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Design and Politics Season

Event date
13 July 2019 - 7 September 2019
Location
Status
Open
Design and Politics Season
Design and Politics Season

This summer, Arcade East’s free programme of events, performances and debates focuses on Design and Politics.

The programme looks at the precarious nature of our current political climate, investigated from both global and local angles. A select group of artists, collectives and communities including ME & EU, Foreign Investment, Hervisions, MARICUMBIA, Failed States, Iggy LDN, Anastasiia Fedorova, Woman SRSLY, Stance and Huckfield & Hutchinson will take over the space and present their responses to the theme through a range of activities and interventions.

The takeovers explore topics such as migration, climate and refuge, club culture and marginalisation, knife crime and masculinities as well as body politics and cultural hybridity.

Bored of Borders workshop by ME & EU
13 July, 2-4pm

Please join us for a graphic workshop hosted by Just Friends. Designers Nathan and Sam T Smith (no relation) initiated ME & EU in 2016, a collection of postcards written and designed by UK-based creatives that were sent across Europe as a means to reconnect the UK with the EU in the wake of Brexit.

I WANNA BE ME – I WANNA BE (E)U workshop and performance by Foreign Investment x LCF MA Fashion Futures
18 July, 4.30-9pm

I WANNA BE ME – I WANNA BE (E)U is a project aimed at projecting personal identities through fashion, in times of economic and ecological uncertainties. This event will comprise interactive live art performances, inspired by catwalks, focusing on self-expressing, making and performing, in response to issues of fast-fashion, self-identity, global trade, waste, and the social impacts of Brexit on fashion design and manufacturing businesses. A performative installation around a dinner will create a convivial space for the participants to collectively explore issues of fashion design and politics broadening out from the EU into personal politics.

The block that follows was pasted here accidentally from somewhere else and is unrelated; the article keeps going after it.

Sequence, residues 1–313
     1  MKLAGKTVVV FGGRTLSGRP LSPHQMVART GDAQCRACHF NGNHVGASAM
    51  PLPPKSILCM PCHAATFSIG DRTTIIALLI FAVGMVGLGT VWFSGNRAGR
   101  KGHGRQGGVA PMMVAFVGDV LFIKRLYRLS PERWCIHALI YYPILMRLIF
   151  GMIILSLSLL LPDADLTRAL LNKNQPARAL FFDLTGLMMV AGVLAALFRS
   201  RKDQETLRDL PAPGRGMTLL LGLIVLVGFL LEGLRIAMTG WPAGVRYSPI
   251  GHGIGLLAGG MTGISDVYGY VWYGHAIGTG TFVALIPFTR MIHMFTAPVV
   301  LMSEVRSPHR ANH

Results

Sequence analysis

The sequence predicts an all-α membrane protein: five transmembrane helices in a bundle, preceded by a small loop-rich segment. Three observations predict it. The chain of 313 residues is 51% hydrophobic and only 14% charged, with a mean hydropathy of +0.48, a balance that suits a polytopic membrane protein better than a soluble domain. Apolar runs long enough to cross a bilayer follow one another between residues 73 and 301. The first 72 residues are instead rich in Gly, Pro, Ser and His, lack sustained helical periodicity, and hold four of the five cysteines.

Suspended Power by Hervisions
15-17 August

Suspended Power explores body politics, immigration and Brexit, relational aesthetics, socio-parasitology, social sculpture, sonic journalism, migration, and fashion activism through expanded broadcasting. The 2 day takeover will host an exhibition, performances, a performative lecture and a panel discussion with the artists.

Pacha Marica by MARICUMBIA
22 August

PACHA MARICA is a space where QTIBPOC artists can express their personal relationships with the earth/natural world. To counteract the dominant narrative of climate change, and beckon the voices of QTIBPOC who are often if not always erased from the conversation. This project seeks to embolden the voices of QTIBPOC and generate a discourse that queers the normalcy of what has been a detrimental conversation around the protection of the earth and those on the front lines of climate change.

A Map to Fall Through: a programme of place and identity by Failed States
23 August

Failed States — a journal of indeterminate geographies — presents an expedition through the intertwined terrains of place and identity via a miscellany of talks, poetry, discussion, screenings and sound performance. Artists, writers and activists explore shifting cultural landscapes, endangered queer spaces, borders, refuge and the poetics of the city.